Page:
I suggest you consider adding enhanced/extended replacement cost coverage onto every homeowners insurance quote you provide, as I can assure you that building contractors don’t provide discounts when they know an insurance company is footing the bill. In cases where our agency has seen total homeowners losses, the reconstruction cost estimates have exceeded the Coverage A limit every time, and the enhanced/extended replacement cost coverage was needed to fill the gap.

  1. Inadequate perils for contents. Jane’s quote proposal did a nice job of explaining what the “personal property” portion of her homeowners insurance quote covered. However, it did not disclose what perils are covered when contents losses occur.

After doing a little digging on the insurance company’s website, I discovered that the com-pany uses an HO-3 form. The site explained that the form uses “open peril” coverage for the dwelling but then casually mentions that personal property is covered by “named perils.” To their credit, they noted the following on the website: With named peril coverage, your policy helps pay to repair or replace your belongings only if they’re damaged by the perils that are specifically listed in your policy. If the peril is not listed, it is not covered.

I’m sure that most—if not all—of the insurance companies you represent offer a policy or an endorsement that will allow you to create a policy that is the equivalent of an HO 00 05, so this should be an easy topic to address with a prospect. If you encounter this situation, simply ask why the direct writer isn’t covering the home’s contents in the same fashion they are covering the home itself.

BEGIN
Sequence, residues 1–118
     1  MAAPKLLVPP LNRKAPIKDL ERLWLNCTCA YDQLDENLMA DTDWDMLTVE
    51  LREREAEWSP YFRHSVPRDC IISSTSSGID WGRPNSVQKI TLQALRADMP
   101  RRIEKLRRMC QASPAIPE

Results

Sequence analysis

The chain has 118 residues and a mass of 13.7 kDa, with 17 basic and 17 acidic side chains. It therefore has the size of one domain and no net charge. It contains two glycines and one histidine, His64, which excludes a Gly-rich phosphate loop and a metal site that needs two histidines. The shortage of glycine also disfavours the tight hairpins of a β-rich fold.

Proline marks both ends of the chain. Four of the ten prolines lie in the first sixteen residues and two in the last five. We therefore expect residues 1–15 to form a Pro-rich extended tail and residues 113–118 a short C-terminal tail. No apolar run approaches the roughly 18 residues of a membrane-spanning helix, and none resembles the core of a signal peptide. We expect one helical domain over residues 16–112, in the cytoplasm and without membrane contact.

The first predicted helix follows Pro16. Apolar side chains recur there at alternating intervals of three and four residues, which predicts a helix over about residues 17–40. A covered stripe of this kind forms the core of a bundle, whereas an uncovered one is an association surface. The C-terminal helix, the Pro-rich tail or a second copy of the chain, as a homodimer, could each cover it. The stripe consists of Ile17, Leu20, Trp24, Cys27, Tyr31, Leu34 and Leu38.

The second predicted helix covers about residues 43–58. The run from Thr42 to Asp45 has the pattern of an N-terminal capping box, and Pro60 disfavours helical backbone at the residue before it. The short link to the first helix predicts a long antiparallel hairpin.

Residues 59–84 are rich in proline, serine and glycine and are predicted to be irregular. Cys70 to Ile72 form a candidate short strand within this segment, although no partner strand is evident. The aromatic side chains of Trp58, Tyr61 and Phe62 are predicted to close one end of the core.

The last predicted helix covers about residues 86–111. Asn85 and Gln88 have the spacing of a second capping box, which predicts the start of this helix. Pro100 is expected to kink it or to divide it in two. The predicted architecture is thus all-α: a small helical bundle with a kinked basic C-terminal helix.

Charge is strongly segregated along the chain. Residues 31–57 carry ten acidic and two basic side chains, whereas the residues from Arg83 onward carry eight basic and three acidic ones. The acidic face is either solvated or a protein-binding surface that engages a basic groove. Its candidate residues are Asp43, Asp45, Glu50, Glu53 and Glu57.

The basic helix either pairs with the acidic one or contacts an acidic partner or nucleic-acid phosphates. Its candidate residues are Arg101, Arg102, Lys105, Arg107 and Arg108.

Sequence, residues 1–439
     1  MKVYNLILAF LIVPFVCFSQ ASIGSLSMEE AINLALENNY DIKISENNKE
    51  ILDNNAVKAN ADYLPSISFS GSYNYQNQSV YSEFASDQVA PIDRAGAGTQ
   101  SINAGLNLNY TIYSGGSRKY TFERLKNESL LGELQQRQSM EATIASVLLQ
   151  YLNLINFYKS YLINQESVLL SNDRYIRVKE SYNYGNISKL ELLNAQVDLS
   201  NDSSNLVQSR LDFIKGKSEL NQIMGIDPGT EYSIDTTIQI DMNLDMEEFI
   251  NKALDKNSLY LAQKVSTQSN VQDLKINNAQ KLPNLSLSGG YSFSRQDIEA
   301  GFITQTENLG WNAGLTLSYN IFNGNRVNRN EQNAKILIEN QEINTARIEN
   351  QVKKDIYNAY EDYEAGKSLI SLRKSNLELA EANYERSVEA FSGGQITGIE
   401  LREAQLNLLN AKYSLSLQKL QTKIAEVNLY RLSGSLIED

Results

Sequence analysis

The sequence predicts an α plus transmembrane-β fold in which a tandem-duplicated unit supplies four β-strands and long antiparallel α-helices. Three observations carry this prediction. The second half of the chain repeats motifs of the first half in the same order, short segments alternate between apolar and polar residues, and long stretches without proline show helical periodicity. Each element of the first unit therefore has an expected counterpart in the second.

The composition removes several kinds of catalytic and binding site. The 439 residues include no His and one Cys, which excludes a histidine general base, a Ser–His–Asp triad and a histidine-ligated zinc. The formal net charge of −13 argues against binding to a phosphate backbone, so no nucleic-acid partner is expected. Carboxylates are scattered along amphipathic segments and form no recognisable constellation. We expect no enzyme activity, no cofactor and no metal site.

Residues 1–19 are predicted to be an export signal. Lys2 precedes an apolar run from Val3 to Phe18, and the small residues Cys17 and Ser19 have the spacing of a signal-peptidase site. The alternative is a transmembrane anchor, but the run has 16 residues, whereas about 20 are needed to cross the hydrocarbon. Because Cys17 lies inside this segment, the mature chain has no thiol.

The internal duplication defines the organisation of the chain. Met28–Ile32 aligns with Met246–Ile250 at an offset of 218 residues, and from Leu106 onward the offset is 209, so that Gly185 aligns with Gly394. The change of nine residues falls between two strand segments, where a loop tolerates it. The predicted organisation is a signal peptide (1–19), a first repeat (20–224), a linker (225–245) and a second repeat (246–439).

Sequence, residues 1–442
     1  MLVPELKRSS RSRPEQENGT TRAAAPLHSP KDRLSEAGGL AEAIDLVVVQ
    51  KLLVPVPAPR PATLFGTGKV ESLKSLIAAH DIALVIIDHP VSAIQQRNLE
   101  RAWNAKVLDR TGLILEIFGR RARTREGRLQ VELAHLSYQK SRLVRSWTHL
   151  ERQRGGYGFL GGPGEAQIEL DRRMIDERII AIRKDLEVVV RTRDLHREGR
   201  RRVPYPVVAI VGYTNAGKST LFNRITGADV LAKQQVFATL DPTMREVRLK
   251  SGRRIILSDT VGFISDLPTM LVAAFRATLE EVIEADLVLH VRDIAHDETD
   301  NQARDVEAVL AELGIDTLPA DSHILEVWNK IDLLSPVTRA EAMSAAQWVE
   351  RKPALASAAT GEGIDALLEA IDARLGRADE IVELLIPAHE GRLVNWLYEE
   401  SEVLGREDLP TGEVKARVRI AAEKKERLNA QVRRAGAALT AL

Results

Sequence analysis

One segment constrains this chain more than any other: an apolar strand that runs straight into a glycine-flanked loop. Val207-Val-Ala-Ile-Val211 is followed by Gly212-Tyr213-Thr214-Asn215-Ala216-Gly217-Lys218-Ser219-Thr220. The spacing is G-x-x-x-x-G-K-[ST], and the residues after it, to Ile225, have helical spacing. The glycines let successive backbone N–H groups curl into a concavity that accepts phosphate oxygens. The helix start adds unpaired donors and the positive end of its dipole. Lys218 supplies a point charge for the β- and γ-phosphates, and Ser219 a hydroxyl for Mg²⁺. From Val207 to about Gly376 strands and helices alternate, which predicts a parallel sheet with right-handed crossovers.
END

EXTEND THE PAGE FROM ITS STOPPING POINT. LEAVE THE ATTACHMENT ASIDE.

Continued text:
1. Lack of homeowner “extras.” In our October 2018 “Mind the Gap,” we examined some of the new endorsements that available for homeowners policies. This included enhancements such as underground utility service line coverage, personal cyber protection, personal flood coverage, and equipment breakdown coverage.

I don’t think it’s reasonable to see these extras on every home insurance quote, so I wouldn’t were expect that. However, I also don’t think it is reasonable to see a “Not Selected/Not Applicable” entry next to Building Codes Coverage on a quote for a home that is almost 60 years old.

That is exactly what I saw on Jane’s quote.

Yes, the HO 00 03 (05 11) provides up to 10% of the Coverage A limit for costs incurred associated with the enforcement of any ordinances or laws, but it’s typically inexpensive to increase this amount via endorsement. In many cases, homeowners policy enhancement endorsements will also include this coverage as part of the suite of coverages provided.

Unrelated side note: I’ve also seen plenty of instances over the years where extremely low limits of water backup coverage were quoted on homes that have finished basements. Don’t let that situation go unnoticed!